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UConn Huskies Learn Not Every Win is Pretty

Maya's been human recently but her team has risen to new heights. (Photo by Jim Rogash/Getty Images)
Maya's been human recently but her team has risen to new heights. (Photo by Jim Rogash/Getty Images)
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The other day after watching Ohio State's 76-74 come from behind victory over Purdue, I made the comment that sometimes you just have to win ugly.

There were no last second 3 pointers for the win nor 2nd half heroics, like Stanford had to secure a 67-53 victory over UCLA, but UConn, like Ohio State and Stanford, found a way to win without playing it’s best ball in claiming an 80-59 victory over Seton Hall in front of 11,249 at the XL Center.

Sometimes in life you’re a victim of your own success. Connecticut has a habit of making opponents look pedestrian at times. The bigger the game, usually the bigger the kill. Beating ranked opponents by 19.9 points per game and 29 points per game since UConn’s loss to Stanford. So fast forward to Tuesday's game against bottom feeder Seton Hall (8-19, 1-13 in Big East): UConn was supposed to have a cakewalk through this game. Someone just forgot to inform Seton Hall.

"I don't remember the last time someone made 10 [sic/11] 3's on us, so credit to them for making some tough shots," UConn coach Geno Auriemma said. "Except for a 7-10 minute stretch at the beginning of the second half where it began to look like the Connecticut team that we are used to seeing, the other 25-30 minutes it was more about Seton Hall than it was about Connecticut. I think it also illustrates that when you make shots like we did in the second half, we made free throws, it covers up a lot of things. This was one of those nights where we didn't turn the ball over, we shot great from the free throw line, we played well for a stretch of minutes in the second half but it wasn't one of those games where you feel like you got everything accomplished that you wanted to get accomplished. Again, I think that's a function of what Seton Hall was doing. They didn't come in here and say `We're 1-12 and you're No. 1 in the country so let's get down 45-10 at halftime and embarrass ourselves.' They didn't do any of that."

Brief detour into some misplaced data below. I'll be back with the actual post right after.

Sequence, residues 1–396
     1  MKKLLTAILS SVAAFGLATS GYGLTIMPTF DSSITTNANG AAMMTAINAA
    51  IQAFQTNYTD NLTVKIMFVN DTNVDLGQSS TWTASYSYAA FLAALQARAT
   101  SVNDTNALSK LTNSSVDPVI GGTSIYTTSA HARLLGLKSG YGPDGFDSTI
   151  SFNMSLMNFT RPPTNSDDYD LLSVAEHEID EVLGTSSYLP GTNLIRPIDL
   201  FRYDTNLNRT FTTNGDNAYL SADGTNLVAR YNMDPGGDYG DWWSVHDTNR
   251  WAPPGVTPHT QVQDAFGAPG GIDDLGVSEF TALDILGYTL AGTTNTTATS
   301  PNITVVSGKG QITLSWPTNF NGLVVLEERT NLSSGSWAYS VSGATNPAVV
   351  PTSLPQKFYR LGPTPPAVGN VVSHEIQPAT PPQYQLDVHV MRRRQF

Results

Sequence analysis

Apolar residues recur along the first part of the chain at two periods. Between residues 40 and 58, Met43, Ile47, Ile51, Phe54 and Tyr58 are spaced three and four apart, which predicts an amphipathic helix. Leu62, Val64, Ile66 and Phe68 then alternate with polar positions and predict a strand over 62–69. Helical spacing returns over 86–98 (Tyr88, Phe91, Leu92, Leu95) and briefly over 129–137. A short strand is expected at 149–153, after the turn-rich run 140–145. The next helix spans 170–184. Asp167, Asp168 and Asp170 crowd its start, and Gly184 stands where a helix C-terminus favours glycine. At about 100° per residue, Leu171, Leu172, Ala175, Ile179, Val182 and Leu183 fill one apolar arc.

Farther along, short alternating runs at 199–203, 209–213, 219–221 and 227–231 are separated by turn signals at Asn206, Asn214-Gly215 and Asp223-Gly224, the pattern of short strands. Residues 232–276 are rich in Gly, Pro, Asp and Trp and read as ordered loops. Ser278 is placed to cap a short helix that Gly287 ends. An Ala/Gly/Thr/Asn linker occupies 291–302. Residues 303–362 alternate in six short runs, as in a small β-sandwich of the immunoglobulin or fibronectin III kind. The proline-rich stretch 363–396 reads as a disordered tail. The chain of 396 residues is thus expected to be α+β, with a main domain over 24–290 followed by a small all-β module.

Seton Hall was never intimidated, never buckled and never folded unlike some of the other opponents that have walked into the XL Center. Yes, they lost by 21. Yes, they only had 12 paint points. Yes, they sent UConn to the foul line 24 times. But they showed heart, desire and pride for all 40 minutes unlike Florida State, Duke and Oklahoma have this season when they got down to the Huskies.

"Our goal is a different measuring stick than Geno has for his team," Seton Hall coach Anne Donovan said. "Our goal is how competitive can we stay and we haven't done that very often. We got down recently at Notre Dame and we lost by fifty because we got down and we just put our heads down and didn't respond. Coming in we just wanted to stay competitive no matter what the score said and that we accomplished."

While the Pirates came out fired up, UConn players believed they came out flat and uninspired.

"This wasn’t the level of focus that we want to start a game with," senior Maya Moore said. "It’s too late in the season for us not to all come out with the same focus and intensity. It’s definitely something that shows we need to continue to work and get better, even though the postseason is right around the corner. There’s still work to be done."

Sometimes it’s easy to forget that these are kids and not machines. You look on paper at rosters, cumulative stats, comparative scores and think you have an idea as to what should be expected in a game. Then a curve ball is thrown and UConn is only up 11 at the half, on a team that only has 1 victory in the New Year and Seton Hall who averages 4.6, 3’s per game makes 11. It invokes some head scratching but that’s why the games are played.